Methane Pollution Prevention
The impacts of climate change are here.
If we don’t slow warming, we may reach irreversible ecological tipping points.
Immediate reduction of methane pollution is “first aid” that can help us avoid near-term and irreversible impacts and reduce the rate of warming. Alongside significant, sustained reductions in carbon dioxide (CO₂) emissions, reducing methane emissions is a key part of the foundation for any successful climate strategy.
The latest on methane
Sign up today to receive the latest content from CATF experts.
Catalyze deep, global reductions in methane and black carbon emissions to help stave off the risk of irreversible changes to our climate
CATF advocates for super pollutant emissions reductions like methane around the world by supporting scientific research, promoting policy initiatives, encouraging the development of financial incentives for pollution controls, and championing and defending standards that can dramatically reduce emissions.
Our impact on preventing methane pollution
CATF’s methane initiatives are aimed at reducing pollutants that will have the greatest impact on warming the planet over the near term and offer the most promising targets for immediate cleanup. Taken together, efforts to reduce methane emissions globally could prevent more than half a degree Celsius of warming along with numerous other public health and ecological benefits. CATF’s efforts target two of the most concerning short-lived climate pollutants: methane and black carbon. Because these pollutants have a much shorter atmospheric lifespan than carbon dioxide, significant cuts in their emissions will yield much faster reductions in planetary warming, as compared to reductions in carbon dioxide.
CATF is actively advocating for methane emissions reductions in international and domestic venues, supporting scientific research, promoting policy initiatives, encouraging the development of financial incentives for pollution controls where appropriate, and championing and defending standards that can dramatically reduce emissions of these significant climate pollutants. CATF’s three primary strategies include:
- Strengthening ongoing policy advocacy to reduce methane and black carbon at the regional, national, and subnational levels;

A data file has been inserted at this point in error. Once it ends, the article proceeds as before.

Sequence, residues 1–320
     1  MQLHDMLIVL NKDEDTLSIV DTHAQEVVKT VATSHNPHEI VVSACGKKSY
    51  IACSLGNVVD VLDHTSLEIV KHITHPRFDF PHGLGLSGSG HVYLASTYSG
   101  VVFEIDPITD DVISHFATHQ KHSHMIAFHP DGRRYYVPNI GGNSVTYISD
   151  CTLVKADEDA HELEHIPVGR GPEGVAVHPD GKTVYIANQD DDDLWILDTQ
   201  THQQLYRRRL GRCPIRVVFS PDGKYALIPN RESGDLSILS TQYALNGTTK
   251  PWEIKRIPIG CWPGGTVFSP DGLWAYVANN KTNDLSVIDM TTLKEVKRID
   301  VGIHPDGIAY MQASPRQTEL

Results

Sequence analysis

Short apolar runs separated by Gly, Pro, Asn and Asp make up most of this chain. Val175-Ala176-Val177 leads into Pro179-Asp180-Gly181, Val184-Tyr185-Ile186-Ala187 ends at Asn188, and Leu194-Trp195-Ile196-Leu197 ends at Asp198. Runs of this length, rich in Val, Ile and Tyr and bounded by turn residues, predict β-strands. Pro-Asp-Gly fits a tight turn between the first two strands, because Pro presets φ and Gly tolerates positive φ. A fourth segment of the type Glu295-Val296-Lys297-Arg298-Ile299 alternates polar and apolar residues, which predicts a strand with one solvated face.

- Developing cross-cutting capacity to accelerate multinational action, including funding mechanisms to help developing countries achieve their emissions reduction goals and research capacity to identify promising solutions for large, neglected emissions sources;
- Supporting high-level political commitments to create the needed momentum to spur emissions reductions at scale.
Reducing methane and black carbon emissions from the fossil fuel sector offers one of the most promising targets for immediate cleanup through low-cost solutions and readily implementable policy changes. Immediate reductions in these pollutants across sectors, including fossil fuels, agriculture, and waste are “first aid” for the planet that can help us avoid near-term and irreversible impacts and reduce the rate of warming.
Scope of Work
- Research & Analysis: CATF investigates and reports on the negative health and environmental impacts of super pollutants. CATF also evaluates available emission control technologies and techniques to formulate best practices for controlling emissions and create tools for regulators.
- Policy Advocacy: CATF works to develop and implement policy and regulatory solutions for cutting methane emissions that can be applied both in the U.S. as well as internationally. CATF works across sectors, including the oil and gas sector as there is potential for significant reductions in emissions by implementing policies that are based on common sense practices and low cost emission control measures.
- Education & Outreach: CATF plays a lead role in several coalitions focused on super pollutant emission cuts, engaging in public education and stakeholder outreach. CATF leads workshops and events to educate other NGOs, governing bodies, industry leaders, and other key allies around the world on the impacts of methane and the best policies and practices for reducing emissions.